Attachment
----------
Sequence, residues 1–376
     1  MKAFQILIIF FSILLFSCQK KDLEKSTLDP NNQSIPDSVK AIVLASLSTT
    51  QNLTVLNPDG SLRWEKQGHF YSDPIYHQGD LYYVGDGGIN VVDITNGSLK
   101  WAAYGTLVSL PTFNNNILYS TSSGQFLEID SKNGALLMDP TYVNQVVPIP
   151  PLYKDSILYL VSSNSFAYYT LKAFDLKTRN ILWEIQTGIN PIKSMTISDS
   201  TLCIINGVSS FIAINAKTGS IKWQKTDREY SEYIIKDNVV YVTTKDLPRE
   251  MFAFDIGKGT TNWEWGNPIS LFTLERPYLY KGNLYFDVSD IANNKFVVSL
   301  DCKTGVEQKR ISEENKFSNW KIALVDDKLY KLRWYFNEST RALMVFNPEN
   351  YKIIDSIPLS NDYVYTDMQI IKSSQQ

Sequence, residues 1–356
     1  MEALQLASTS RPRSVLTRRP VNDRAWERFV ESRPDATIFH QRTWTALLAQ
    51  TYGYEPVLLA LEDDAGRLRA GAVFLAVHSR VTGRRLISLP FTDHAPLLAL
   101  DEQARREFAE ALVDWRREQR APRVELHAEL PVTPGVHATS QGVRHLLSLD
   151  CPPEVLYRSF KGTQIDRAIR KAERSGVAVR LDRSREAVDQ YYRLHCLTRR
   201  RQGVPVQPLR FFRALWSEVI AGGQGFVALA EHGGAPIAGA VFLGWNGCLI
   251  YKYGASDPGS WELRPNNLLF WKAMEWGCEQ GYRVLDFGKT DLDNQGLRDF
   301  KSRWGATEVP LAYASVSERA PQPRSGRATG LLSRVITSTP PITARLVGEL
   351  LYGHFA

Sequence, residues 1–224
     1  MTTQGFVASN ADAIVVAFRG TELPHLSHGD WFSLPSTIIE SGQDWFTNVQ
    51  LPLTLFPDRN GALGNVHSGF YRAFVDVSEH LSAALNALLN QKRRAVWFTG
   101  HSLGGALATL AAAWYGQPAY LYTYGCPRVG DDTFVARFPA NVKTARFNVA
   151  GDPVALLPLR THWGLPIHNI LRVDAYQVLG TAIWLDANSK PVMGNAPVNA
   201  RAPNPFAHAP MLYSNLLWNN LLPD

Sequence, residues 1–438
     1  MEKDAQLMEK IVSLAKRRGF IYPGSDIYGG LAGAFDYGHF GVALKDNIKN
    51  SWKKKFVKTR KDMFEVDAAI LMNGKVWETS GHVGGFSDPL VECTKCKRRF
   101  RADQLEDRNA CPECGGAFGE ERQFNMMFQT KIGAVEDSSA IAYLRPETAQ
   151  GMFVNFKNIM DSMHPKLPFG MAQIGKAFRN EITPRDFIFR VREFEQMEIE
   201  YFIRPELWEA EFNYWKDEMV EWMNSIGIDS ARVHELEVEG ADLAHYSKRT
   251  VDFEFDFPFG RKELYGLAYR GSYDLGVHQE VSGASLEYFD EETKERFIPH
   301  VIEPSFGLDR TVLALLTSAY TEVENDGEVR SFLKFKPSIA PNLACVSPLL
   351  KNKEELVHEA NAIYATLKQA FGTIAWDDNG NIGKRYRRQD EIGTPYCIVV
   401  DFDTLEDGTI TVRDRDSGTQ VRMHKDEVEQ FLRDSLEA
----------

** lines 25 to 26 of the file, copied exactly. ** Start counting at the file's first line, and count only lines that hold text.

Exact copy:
Sequence, residues 1–438
     1  MEKDAQLMEK IVSLAKRRGF IYPGSDIYGG LAGAFDYGHF GVALKDNIKN